Bovine-derived polyclonal antibodies exhibit high efficacy in neutralizing SARS-CoV-2 variants

A team of scientists in Estonia has recently evaluated the therapeutic/prophylactic efficacy of anti-severe acute respiratory syndrome coronavirus 2 (SARS-CoV-2) polyclonal antibodies derived from the colostrum of immunized cows. The antibodies exhibit high efficiency in inhibiting the interaction between SARS-CoV-2 spike protein and human angiotensin-converting enzyme 2 (ACE2). Furthermore, the scientists have prepared a nasal spray formulation with colostrum antibodies that persists in the human nasal mucosa for at least 4 hours.

This news article was a review of a preliminary scientific report that had not undergone peer-review at the time of publication. Since its initial publication, the scientific report has now been peer reviewed and accepted for publication in a Scientific Journal. Links to the preliminary and peer-reviewed reports are available in the Sources section at the bottom of this article. View Sources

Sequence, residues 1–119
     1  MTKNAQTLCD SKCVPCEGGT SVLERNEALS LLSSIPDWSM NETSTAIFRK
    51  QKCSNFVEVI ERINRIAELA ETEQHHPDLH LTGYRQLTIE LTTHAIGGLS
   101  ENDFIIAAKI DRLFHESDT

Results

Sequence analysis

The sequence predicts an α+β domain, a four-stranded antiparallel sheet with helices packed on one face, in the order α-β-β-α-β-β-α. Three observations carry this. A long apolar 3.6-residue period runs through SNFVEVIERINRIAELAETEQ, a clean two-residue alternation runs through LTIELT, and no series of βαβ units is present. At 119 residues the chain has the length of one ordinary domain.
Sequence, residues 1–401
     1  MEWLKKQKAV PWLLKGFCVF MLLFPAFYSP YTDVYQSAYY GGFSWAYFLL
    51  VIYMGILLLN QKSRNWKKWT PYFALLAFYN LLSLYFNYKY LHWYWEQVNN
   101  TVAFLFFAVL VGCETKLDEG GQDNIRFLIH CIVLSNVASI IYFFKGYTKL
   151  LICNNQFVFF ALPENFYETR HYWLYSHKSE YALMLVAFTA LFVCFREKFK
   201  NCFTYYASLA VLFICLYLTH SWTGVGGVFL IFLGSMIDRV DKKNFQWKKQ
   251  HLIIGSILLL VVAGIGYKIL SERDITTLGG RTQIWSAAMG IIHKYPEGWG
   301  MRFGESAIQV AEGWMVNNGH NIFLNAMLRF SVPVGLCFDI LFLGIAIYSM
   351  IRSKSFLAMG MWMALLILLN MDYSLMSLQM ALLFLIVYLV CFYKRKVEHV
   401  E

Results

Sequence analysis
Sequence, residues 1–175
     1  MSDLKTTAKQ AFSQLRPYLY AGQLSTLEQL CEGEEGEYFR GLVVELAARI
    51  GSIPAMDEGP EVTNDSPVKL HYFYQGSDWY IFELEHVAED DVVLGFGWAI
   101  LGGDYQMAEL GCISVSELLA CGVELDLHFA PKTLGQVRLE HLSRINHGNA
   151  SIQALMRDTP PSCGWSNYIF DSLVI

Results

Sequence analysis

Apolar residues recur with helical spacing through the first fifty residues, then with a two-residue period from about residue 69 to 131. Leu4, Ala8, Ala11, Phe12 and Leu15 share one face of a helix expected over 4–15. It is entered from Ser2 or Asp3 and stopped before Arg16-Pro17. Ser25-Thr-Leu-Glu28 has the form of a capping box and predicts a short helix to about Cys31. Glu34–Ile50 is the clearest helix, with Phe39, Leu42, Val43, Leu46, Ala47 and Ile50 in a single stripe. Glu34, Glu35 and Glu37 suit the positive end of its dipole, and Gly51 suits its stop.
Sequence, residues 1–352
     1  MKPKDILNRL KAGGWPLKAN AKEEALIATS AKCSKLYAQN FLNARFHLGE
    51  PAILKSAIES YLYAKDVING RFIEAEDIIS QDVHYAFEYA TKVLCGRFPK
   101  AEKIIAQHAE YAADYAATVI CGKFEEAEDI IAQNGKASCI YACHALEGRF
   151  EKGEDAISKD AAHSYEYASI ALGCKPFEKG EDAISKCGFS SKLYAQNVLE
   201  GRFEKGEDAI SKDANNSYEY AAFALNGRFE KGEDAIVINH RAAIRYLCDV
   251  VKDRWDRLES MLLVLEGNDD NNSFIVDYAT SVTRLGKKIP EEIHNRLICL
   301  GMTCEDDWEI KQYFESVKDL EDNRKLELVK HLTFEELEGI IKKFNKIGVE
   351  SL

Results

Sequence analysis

A preprint version of the study is available on the medRxiv* server, while the article undergoes peer review.

Background

As of June 10, 2021, globally, there have been 173 million confirmed cases of coronavirus disease 2019 (COVID-19), including 3.7 million deaths, registered to the World Health Organization (WHO). Despite the strict implementation of control measures and rapid vaccination programs, the number of COVID-19 cases is continuously expanding worldwide. This could potentially be due to the emergence of novel viral variants with multiple spike mutations, which are able to escape host immunity developed in response to natural infection or vaccination.